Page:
In the rest of B-Spec, Keanna Erickson-Chang and Ole Holter kept a steady pace to take second in class. After a dramatic off Jean-Pierre Rasaiah and Matthew Hoffman managed to recover and finished third. Peter Cunningham and Ryan Eversley had a phenomenal drive in the Honda Star Car, standing as high as second in all of 2WD before a mechanical failure forced an off and their retirement. But don’t worry, they loved their time out in the woods.
Overall, 63 teams started the rally and only 36 finished. We think that exemplifies just how difficult the stage conditions were this weekend. We’ll go more in depth on what happened in each class in a later series of articles.
For more photos and event info from the Rally in the 100 Acre Wood, you can also check out the new Facebook fan page North American Rally Updates or search the hashtag #100aw on Twitter.
Rally America next goes west for the third round at the Oregon Trail Rally, held April 22-24th.
6 Thoughts to “The Quick Recap – Rally in the 100 Acre Wood”
In his final interview with Jim Beaver, David Higgins thanked Lauchlin O’Sullivan for towing him through the final transit to the finish. That outstanding sportsmanship cost O’Sullivan a position but that’s the kind of competitor he is. Amazing.
Actually Lauchlin O’Sullivan did not drop a position. He still finished 3rd overall and 1st in SP. I believe the officials credited back any time lost after the water splash where he towed Higgins to the finish. As you said though, amazing sportsmanship. You see this time and again in rally racing, but hardly ever in any other form of motorsports. Cheers!
Thanks for the recap!! We did our best guys, on a good note we know what cause the BMW differential issue and it won’t happen again on a bad note it was a simple mistake to keep from happening. We would have loved to have got the chance to run with Ryan Millen for the first time, we only got to run 3 stages, DNF on 5 and stage 3 was cancelled and stage 5 we stopped to help the vehicle in front of us that rolled heavy in our line, could have been bad.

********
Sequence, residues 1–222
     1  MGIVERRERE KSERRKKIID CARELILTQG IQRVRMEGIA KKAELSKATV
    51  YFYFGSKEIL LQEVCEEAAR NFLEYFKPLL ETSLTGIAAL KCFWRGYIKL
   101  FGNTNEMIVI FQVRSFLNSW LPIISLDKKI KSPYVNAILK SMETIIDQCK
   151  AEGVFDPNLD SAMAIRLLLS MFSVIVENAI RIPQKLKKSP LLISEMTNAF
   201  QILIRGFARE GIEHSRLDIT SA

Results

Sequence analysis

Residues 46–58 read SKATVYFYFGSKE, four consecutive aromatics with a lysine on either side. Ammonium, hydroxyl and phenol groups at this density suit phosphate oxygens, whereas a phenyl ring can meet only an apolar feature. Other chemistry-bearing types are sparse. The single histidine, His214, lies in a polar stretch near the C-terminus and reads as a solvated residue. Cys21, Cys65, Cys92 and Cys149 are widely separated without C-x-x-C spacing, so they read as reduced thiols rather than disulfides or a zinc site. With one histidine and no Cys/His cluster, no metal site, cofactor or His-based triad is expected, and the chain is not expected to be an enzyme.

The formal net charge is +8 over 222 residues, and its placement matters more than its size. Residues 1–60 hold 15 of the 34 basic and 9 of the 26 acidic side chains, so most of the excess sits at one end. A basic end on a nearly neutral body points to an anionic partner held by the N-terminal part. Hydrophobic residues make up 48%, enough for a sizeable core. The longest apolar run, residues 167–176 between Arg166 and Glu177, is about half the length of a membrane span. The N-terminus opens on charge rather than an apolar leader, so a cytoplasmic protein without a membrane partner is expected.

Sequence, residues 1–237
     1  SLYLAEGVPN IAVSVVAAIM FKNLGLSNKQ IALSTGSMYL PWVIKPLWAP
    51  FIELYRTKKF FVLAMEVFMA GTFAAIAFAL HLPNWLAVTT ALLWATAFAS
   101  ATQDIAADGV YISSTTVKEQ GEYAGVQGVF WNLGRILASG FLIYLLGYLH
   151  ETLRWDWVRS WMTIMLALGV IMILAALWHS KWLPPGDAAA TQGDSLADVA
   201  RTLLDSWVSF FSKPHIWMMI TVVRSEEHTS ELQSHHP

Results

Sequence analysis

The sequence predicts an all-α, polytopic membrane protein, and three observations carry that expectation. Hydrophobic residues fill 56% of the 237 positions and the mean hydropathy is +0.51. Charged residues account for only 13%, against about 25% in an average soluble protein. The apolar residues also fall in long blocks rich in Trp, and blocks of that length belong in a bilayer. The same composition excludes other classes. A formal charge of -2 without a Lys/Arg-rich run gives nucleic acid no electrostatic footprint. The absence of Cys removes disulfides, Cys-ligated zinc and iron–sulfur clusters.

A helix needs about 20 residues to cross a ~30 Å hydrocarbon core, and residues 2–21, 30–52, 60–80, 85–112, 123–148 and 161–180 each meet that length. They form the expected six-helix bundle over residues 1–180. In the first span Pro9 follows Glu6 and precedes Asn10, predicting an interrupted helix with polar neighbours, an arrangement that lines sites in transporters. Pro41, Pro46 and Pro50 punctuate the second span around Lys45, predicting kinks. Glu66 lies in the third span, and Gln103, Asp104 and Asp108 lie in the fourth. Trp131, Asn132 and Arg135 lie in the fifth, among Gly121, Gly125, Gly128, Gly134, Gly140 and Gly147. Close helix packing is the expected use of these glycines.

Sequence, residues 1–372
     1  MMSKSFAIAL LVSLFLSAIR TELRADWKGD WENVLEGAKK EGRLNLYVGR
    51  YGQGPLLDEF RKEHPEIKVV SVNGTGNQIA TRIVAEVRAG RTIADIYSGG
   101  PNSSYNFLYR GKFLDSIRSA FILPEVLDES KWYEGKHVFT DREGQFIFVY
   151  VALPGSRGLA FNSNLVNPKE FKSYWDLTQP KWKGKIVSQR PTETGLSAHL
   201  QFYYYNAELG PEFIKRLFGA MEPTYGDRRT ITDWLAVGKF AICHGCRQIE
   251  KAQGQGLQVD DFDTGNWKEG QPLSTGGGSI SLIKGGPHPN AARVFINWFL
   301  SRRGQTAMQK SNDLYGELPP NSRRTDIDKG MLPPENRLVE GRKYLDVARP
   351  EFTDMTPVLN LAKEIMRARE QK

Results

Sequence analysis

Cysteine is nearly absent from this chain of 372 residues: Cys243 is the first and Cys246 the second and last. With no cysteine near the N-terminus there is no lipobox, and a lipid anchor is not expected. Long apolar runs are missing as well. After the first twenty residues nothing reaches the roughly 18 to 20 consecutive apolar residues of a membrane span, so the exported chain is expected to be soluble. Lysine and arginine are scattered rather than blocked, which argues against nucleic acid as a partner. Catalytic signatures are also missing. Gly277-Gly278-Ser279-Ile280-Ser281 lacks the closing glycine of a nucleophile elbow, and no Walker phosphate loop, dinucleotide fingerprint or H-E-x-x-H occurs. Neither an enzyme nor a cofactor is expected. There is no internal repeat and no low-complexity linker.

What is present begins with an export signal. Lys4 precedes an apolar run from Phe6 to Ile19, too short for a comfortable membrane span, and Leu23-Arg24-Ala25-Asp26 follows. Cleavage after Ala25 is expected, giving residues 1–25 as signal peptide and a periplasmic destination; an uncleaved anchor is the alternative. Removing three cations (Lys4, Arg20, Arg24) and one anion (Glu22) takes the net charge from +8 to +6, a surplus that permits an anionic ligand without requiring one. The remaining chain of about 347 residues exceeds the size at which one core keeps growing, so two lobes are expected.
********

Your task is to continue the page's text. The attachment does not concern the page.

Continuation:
We did win 2 of the 3 stages we got to run with fastest 2WD stage times (tied on one with Steve LaRoza) Millen took the third stage, It was looking like it would be a great competition but no such luck, so bummed to see steely electrical gremlins too, we’re always trading times.
Yes, you guys were doing well while it lasted. We are just so bummed the issues you’ve had with the BMW. We love hearing M3 music on the stages! I may be wrong in assuming, but it just seems from an outside point of view that all that VAC power is beating up all the other components down the line. Something we talk about on our show all the time is that cars are a system of components and you can’t just change one thing without affecting everything else. Strengthen a weak point and now you just moved that energy to the next weakest link in the chain. That’s one reason why development is so time consuming and frustrating. I know you have been doing upgrades and tweaks to the BMW and we are just hopeful that all that work finally comes together for a trouble free event soon. I hope the folks waiting for the Brakimghini understand just how tough the development on something like that will be as well. They should not be disheartened if it has a few issues because in time it will be the beastliest bull in all of rally!